Michael Kors on How L.A. Shaped His Aesthetic and American Fashion

“Oh my god, they transformed this place,” said Mindy Kaling, walking into Los Angeles icon Canter’s Deli, which Michael Kors took over Tuesday night for the ultimate high-low dinner party catered by Spago, naturally.

“I don’t think I’ve been here in the daylight,” she said of the spot, beloved for nearly 100 years for its pastrami and since the ’60s for its after-hours Kibitz Room, where Joni Mitchell, Slash, the Wallflowers, the Red Hot Chili Peppers and many more have performed — and where DJ Kitty Ca$h got the after party going on Tuesday.

“This is my vibe,” said Olivia Wilde, looking very Michael Kors in a white tank top, slinky skirt and double leather belt.

Friends new and old spanning the designer’s 40-year love affair with L.A., including Kerry Washington, Gabrielle Union-Wade, Dwyane Wade, Marisa Tomei, Quinta Brunson and Shailene Woodley, came out to dine on Wolfgang Puck smoked salmon pizza, wagyu steak and MKC black and white cookies — and to celebrate Kors’ return to Rodeo Drive with a new store that opened last month.

“You bring what I do to life,” Kors said, toasting his guests and explaining the one-night-only Canter’s/Spago mash-up. “This is L.A., this is hot dogs in evening gowns.”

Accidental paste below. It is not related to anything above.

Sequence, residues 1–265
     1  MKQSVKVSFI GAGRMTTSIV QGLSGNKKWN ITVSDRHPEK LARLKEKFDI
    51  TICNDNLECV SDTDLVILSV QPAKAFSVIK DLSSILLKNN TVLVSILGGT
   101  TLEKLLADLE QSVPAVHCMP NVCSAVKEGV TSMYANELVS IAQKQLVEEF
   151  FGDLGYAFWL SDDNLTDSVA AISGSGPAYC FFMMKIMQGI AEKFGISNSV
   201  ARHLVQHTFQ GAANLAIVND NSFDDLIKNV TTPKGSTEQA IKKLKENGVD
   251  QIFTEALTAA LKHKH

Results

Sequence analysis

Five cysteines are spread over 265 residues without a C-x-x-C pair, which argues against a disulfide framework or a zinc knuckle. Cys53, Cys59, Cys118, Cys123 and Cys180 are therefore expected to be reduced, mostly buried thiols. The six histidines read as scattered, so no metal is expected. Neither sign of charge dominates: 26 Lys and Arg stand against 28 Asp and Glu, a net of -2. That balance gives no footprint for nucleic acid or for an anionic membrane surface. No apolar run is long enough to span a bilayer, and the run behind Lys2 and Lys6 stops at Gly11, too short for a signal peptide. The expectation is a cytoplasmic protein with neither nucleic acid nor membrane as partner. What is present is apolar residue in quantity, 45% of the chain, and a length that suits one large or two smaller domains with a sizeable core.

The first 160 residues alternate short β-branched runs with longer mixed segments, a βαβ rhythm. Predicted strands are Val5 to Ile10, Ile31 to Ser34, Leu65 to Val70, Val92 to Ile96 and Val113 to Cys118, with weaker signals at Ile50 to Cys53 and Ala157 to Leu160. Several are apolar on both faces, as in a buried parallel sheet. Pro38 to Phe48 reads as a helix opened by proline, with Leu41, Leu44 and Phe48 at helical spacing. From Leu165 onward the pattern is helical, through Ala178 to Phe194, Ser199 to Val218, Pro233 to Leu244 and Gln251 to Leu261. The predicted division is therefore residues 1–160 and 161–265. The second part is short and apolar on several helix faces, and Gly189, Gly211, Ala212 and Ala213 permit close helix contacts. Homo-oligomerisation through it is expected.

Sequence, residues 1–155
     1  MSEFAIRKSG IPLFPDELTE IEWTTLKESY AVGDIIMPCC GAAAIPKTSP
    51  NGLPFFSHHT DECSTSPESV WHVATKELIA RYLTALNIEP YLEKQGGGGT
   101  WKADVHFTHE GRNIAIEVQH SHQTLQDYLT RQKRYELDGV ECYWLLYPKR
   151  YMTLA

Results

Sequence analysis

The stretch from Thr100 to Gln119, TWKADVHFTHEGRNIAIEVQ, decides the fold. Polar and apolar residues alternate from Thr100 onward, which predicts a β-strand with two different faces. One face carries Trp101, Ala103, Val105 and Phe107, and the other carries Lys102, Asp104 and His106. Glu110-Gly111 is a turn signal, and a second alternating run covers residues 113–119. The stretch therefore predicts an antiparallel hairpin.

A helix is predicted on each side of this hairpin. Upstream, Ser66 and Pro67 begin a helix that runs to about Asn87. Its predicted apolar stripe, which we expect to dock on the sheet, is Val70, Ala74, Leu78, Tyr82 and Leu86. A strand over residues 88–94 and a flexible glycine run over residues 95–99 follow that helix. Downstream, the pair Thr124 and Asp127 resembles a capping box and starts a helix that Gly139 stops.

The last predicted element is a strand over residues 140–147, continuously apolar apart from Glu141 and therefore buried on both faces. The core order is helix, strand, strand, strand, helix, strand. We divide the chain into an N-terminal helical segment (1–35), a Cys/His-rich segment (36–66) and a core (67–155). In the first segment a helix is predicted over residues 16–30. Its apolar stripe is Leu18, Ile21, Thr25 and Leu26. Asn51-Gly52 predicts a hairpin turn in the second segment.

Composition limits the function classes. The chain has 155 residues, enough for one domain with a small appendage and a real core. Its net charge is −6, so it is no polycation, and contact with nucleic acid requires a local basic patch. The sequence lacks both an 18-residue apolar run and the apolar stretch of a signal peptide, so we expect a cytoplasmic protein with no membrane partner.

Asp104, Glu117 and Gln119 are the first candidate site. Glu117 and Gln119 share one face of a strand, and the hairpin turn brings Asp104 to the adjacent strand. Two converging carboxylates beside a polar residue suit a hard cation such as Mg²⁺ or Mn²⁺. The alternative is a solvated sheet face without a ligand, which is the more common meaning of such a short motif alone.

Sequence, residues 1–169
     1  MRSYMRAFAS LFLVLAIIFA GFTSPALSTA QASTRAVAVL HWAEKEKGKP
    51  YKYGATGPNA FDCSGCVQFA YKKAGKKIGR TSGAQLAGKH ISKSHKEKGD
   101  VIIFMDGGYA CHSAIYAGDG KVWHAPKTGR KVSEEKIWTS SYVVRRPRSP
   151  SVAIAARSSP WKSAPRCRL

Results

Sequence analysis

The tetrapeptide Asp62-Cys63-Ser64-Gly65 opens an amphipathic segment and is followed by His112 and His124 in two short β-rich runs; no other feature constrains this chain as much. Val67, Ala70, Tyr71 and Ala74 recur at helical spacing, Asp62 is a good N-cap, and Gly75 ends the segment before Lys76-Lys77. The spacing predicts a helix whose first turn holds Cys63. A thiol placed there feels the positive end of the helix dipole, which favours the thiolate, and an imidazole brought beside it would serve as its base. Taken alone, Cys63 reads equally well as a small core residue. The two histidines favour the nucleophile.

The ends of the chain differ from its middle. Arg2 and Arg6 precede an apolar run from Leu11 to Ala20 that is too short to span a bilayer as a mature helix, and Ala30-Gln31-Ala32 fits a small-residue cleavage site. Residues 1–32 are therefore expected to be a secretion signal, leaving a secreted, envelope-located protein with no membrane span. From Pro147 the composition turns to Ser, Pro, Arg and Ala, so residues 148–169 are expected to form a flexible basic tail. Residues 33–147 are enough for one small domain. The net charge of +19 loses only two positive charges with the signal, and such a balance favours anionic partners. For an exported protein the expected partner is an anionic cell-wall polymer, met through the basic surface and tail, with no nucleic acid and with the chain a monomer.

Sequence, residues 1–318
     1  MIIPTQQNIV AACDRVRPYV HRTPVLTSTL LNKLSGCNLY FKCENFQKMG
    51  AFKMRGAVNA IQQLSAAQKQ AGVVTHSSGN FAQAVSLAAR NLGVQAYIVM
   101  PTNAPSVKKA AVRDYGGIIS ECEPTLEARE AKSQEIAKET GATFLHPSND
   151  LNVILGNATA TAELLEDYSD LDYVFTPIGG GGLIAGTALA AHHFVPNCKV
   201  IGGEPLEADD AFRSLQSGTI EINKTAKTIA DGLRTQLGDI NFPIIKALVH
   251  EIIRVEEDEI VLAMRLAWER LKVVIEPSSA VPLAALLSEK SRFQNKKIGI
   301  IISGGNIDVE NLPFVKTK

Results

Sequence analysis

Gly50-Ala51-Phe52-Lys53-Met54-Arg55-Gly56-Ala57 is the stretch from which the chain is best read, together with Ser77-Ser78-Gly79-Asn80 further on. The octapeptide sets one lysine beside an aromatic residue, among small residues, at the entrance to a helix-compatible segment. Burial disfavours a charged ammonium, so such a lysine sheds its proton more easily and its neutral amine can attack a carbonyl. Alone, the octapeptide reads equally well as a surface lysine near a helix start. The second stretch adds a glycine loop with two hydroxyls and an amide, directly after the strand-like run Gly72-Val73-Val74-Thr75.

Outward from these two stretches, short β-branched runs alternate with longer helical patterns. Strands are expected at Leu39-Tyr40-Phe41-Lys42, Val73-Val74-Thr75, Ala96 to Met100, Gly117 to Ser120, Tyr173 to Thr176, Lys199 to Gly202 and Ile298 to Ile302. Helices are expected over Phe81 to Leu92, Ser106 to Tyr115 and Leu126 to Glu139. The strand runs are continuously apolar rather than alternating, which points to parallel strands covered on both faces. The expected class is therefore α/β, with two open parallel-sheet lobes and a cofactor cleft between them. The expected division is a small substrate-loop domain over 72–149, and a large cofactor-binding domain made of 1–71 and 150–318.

As ever, the designer charmed everyone, including next gen up-and-comers Alexandra Shipp, Kaitlyn Dever, Zoey Deutch and writer/actress Rose Gilroy, whose mother Rene Russo starred in the 1999 version of “The Thomas Crown Affair” wearing clothing by Michael Kors for Celine.

Alexandra Shipp and Rose Gilroy

Alexandra Shipp and Rose Gilroy

Roger Kisby/WWD

“Your mother said to me, ‘I’m finally making a movie where I can actually be beautiful. I always avoided doing films where I’d be perceived as a model,’” Kors told Gilroy, sharing that one of his VIP clients was so taken with Russo in the role, she ordered everything she wore onscreen, and dyed her hair to look like her.

Although Kors is synonymous with New York City, both his parents and grandparents lived in L.A. for years. He also credits L.A. with helping to develop his aesthetic as a designer, he said over iced tea at the Polo Lounge Tuesday morning, where he was wearing jeans and a “Summerland” T-shirt from the Montecito, Calif., suburb where he often spends time in August.